Determining which came first -- ska or punk -- is irrelevant. The Mighty Mighty Bosstones offer up a duel personality that's simultaneously abrasive and chill. First (or maybe second), the driving energy and angst of punk rock pushes the pace, while the cool riddims, staccato guitar and punctuating horn blasts of ska strive for equal rights. Put it together and you have the Boston band's contribution to musical history: Ska-core.

"The same person who played the punk rock records for me, played some English ska records. I fell in love with the punk and the ska," says MMB founder Dickey Barrett.

Barrett deftly merged the two styles together, creating a sound ideal for pulling on a blunt, then working it off in the mosh pit. The band's latest album, Magic of Youth, features a decidedly harder edge, though Barrett insists the ska influence remains.

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Francisco the Man Is A Real Band and Does Exist

Categories: Q&A

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Jessica Isaac
Francisco the Man

Whether it's apathy or simply ignorance, some bands tend to remain mostly hidden from the world. This can add an air of mystery, or perhaps lead to an underground cult following that will ultimately lead to a burgeoning career. For Los Angeles' Francisco the Man, there's no real answer for the band's inaccessibility.

"We're a real band, we do exist," guitarist and vocalist Scotty Cantino confirms during a recent phone interview. "I don't really think too much about online prescience, maybe to a fault. ... We just focus on writing songs, recording and playing shows."

The band just released it's debut album, Loose Ends, a dreamy atmospheric pop extravagance that deftly melds '90s shoegazer with '80s new wave and '00s floaty electronics. It's an interesting stylistic mix -- urgent, buoyant and pulsating.

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Step Inside the Dark World of Primus & the Chocolate Factory

Categories: Q&A

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Rick Levinson
Les Claypool's love of Charlie and the Chocolate Factory has led him to this.

Everyone loves chocolate--some more than others.

Les Claypool, the mad genius behind Primus has taken his love of chocolate and churned it into a new album, Primus and the Chocolate Factory. Inspired as a child by the Gene Wilder cinematic portrayal of Roald Dahl's book, Willie Wonka and the Chocolate Factory, Claypool saved box tops for a chocolate bar-making kit, and then sold his own chocolate Wonka bars to his grammar school classmates. Years later, the dark concept of the film still lingered in Claypool's brain, luring the bassist ever closer to becoming the master of his own chocolate factory. Following his vision of the past, Claypool has recreated the movie soundtrack in that timeless, dark and wacky Primus manner.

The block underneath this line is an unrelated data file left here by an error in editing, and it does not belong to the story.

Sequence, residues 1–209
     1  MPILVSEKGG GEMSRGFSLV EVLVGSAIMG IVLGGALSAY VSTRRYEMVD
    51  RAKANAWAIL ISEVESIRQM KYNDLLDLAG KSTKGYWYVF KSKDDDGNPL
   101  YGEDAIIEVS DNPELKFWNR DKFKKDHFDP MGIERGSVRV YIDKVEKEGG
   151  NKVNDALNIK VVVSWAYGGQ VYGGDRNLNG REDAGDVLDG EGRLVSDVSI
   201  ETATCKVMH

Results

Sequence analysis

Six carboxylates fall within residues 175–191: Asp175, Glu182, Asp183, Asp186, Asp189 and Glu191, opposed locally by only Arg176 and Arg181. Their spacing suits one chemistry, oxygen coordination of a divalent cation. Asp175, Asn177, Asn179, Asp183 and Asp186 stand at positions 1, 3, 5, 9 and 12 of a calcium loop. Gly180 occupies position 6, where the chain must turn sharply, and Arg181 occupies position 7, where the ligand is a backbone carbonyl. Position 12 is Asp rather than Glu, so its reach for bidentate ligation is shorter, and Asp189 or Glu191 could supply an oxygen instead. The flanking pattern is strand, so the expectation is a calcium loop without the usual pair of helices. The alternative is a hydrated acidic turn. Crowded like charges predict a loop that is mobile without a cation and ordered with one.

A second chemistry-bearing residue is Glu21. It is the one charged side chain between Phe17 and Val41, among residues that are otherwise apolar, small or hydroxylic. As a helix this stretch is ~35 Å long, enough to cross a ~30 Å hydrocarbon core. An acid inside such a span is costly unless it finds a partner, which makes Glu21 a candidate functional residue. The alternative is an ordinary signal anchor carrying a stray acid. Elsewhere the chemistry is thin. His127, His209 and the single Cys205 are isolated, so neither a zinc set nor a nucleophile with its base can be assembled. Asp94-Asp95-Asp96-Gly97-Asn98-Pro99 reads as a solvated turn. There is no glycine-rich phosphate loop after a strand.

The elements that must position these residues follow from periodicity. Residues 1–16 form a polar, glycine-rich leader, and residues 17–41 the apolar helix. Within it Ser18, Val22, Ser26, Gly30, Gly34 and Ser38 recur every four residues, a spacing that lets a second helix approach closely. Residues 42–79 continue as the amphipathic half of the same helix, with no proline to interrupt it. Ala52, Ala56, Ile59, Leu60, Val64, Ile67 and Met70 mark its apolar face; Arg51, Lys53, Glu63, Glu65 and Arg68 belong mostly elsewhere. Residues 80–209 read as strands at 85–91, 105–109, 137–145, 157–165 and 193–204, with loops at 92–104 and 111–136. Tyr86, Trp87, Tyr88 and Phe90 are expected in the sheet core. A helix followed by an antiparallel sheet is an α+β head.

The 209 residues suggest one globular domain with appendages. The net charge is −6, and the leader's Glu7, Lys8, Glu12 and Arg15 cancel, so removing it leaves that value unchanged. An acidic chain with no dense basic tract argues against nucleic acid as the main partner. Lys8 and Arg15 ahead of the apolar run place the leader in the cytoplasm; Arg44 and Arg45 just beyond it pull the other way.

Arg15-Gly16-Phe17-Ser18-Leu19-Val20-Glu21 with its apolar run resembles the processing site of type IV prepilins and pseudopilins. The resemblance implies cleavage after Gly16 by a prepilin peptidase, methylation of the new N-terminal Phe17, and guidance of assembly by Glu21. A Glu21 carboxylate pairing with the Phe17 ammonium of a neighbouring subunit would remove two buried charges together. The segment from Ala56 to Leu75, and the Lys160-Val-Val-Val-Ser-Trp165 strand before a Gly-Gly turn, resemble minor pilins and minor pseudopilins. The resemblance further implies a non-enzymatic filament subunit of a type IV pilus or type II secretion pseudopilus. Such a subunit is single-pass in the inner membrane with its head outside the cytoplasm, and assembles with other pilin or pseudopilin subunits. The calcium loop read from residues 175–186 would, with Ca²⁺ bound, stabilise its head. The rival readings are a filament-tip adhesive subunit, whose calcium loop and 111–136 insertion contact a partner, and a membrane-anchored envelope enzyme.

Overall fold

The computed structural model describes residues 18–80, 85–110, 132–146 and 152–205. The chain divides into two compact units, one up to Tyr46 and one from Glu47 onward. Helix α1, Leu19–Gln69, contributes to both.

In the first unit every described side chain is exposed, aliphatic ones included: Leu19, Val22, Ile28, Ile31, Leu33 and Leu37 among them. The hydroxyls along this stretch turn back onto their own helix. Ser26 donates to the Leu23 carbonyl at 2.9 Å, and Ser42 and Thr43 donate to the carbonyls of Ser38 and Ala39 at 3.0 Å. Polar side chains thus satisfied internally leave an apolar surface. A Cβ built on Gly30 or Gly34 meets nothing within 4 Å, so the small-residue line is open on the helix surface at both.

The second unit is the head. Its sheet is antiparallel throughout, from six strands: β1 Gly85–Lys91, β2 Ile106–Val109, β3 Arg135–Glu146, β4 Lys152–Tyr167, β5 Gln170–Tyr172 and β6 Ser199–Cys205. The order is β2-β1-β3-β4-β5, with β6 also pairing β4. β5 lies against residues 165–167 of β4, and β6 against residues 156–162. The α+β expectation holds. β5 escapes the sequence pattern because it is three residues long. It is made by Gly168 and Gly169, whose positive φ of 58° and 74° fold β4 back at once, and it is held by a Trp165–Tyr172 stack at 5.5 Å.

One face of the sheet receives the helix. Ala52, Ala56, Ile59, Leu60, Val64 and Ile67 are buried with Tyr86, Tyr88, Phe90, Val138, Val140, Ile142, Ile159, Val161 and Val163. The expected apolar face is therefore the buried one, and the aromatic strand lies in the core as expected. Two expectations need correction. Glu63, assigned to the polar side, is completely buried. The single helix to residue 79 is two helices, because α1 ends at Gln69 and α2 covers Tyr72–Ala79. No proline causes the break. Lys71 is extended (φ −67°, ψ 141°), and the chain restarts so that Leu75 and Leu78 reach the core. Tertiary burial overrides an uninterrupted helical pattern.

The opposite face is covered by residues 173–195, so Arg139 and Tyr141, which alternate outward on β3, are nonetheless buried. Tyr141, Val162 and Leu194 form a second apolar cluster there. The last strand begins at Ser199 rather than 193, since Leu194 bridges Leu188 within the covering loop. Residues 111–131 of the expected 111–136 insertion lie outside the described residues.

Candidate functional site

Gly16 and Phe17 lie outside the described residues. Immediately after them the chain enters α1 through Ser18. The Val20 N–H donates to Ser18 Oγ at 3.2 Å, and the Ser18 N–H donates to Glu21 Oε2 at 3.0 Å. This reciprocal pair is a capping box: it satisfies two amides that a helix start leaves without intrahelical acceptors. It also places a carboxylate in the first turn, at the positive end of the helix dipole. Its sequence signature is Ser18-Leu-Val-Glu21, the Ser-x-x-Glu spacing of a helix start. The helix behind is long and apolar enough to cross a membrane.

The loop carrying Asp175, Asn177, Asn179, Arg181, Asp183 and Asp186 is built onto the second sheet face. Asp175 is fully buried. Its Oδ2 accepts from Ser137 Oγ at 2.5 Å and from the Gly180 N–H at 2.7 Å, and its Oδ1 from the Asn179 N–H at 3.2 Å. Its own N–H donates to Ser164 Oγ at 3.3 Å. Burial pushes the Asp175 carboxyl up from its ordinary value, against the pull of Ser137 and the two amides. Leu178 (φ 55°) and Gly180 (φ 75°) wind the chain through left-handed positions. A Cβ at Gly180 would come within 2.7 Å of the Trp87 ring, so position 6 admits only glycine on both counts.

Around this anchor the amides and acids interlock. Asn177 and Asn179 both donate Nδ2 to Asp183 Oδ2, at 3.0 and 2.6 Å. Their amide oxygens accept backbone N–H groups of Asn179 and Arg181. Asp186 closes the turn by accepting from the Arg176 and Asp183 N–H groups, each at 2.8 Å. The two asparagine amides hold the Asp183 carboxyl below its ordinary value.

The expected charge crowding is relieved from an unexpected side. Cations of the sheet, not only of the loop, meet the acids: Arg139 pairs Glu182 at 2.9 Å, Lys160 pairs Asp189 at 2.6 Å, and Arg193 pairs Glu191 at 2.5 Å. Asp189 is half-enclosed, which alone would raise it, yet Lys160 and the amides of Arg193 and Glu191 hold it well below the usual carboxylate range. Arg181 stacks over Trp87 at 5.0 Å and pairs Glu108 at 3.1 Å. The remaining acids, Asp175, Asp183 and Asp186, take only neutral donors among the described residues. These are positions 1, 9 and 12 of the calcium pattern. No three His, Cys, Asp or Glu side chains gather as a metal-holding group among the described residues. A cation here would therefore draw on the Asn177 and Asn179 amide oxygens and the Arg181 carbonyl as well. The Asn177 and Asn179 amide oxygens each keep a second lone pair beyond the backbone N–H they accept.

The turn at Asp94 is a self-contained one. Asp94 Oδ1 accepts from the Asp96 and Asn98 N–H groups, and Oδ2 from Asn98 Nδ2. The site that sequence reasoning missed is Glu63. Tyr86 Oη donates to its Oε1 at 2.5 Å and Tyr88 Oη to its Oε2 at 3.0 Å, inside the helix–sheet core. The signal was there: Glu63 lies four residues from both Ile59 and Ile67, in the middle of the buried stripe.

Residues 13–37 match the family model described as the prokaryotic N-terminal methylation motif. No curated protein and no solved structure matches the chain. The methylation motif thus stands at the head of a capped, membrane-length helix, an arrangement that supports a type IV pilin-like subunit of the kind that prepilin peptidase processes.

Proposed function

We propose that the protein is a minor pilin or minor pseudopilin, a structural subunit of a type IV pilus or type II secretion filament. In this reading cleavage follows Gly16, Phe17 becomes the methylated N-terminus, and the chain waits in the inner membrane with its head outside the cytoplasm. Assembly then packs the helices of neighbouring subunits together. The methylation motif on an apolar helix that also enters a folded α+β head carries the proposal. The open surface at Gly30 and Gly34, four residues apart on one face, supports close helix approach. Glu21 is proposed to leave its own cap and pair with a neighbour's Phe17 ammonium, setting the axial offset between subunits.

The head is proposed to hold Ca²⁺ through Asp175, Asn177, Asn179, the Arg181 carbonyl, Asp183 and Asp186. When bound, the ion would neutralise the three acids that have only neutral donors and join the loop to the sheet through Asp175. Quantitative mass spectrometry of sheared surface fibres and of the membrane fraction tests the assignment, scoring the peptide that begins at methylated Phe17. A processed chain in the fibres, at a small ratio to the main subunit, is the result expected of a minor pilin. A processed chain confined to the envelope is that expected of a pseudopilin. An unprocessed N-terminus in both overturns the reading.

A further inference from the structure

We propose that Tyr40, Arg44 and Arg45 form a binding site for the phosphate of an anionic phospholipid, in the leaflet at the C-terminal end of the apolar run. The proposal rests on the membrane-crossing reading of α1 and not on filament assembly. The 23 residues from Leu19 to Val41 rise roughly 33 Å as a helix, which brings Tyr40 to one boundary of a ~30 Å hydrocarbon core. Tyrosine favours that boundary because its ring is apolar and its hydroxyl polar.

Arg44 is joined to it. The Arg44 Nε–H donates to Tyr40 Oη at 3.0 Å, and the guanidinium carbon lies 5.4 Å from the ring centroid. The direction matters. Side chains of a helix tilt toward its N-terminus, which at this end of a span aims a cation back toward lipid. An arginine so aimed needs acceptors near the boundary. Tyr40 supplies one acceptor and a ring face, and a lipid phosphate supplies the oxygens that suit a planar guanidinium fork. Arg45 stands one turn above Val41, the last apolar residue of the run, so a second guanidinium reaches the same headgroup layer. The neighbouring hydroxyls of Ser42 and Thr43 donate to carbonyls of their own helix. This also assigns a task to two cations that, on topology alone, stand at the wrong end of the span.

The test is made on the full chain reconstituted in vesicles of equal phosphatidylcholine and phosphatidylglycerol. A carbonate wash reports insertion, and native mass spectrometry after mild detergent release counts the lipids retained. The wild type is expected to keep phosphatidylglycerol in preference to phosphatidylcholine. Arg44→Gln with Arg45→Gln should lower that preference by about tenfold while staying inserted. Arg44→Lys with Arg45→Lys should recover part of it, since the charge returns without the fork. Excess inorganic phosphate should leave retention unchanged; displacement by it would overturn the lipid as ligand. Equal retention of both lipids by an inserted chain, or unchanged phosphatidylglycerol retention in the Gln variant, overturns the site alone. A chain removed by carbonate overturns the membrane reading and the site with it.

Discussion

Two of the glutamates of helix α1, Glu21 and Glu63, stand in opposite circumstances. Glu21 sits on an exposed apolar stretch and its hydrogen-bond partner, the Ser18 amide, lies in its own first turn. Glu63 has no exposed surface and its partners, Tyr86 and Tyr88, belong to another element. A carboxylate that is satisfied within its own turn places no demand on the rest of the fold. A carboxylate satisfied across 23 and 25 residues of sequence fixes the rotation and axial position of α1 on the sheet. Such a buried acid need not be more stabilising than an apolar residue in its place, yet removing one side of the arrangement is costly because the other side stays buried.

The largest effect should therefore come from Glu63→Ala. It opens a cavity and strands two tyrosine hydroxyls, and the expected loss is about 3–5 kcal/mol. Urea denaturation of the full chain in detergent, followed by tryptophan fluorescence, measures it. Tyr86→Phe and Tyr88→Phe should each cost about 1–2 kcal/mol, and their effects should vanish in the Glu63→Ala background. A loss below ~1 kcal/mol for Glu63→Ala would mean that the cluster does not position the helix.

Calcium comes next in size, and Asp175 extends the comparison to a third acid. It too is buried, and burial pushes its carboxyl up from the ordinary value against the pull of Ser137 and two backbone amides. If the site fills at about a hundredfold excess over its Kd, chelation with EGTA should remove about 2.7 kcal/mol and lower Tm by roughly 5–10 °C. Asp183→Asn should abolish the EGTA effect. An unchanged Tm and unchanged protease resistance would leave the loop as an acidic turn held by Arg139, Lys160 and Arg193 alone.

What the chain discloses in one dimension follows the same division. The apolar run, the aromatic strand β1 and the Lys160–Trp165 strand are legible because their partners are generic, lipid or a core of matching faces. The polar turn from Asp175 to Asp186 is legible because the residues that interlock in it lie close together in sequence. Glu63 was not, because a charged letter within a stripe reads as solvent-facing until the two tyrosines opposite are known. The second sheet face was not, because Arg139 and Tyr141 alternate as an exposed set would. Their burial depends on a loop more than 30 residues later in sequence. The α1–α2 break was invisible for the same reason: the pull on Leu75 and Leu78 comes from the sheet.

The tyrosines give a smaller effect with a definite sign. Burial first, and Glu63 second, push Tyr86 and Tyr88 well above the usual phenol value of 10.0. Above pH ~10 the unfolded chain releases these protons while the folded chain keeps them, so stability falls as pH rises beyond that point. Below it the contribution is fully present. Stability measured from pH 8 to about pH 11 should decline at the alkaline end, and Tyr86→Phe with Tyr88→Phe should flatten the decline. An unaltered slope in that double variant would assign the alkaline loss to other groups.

"I'm sure there's folks out there that didn't appreciate it. That is the risk of taking on a sacred cow," he says. "The thing is it's not so much about telling the story of Wonka and Charlie and the chocolate factory as much as it is the perspective of a young kid, which was me, back in the early '70s, experiencing the world of Wonka."

A twisted experience, clearly.

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Everything You Want to Know About Pizza, According to Pizza Underground

Categories: Q&A

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by lippemfg.org
The Pizza Underground likes it simple: just a slice of cheese, please.

"Pizza is life and life-affirming," says The Pizza Underground. And who could disagree? By extension, The Velvet Underground could be described similarly. That's why, with songs like "Pizza Gal" and "Take a Bite of the Wild Slice," The Pizza Underground is one of the best combinations of things ever.

TPU was formed in 2012, but really took off last year, much of the momentum attributed to its kazoos and actor Macaulay Culkin. The band is also Matt Colbourn (guitar), Phoebe Kreutz (glockenspiel), Deenah Vollmer (pizza box percussion), and Austin Kilham (tambourine), who are no less important.

(And no, Culkin didn't die this weekend, contrary to rumors. He's still very much alive.)

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Pissed Jeans' Matt Korvette Talks About His Band of Noisy Dads

Categories: Q&A

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Subpop

Matt Korvette of Pissed Jeans is used to hearing noises like static and feedback, but our phone conversation started off with too much of what is normally a good thing to the band's lead singer. The Allentown, Pennsylvania, noisy punk(ish) band makes its first trip to Phoenix on Friday, November 7, and according to Korvette, "we're pretty stoked" about their show with local power house Gay Kiss and Tucson mind-blowers, Lenguas Largas.

Up on the Sun caught up with Matt as he prepared for the early tour dates, and he talked about the band, influences, and life as a part-time noise rock superstar.

Up on the Sun: Hey...apologies for the bad connection, but you must be used to some feedback at the volume you guys typically play at.

Matt Korvette: (Laughs) Haha, yes. I'm finally in my element.

So tell us about Pissed Jeans.

Matt Korvette: Hmmm, I don't know. I guess we are just kind of a representation of all the things we tend to gravitate towards in the last 30 years of loud guitar music. Just kind of fun. There is a pretty wide range of things we're interested in and we're not trying to recreate any one particular thing. Pissed Jeans are all about just trying to be in the vein of bands we really enjoy.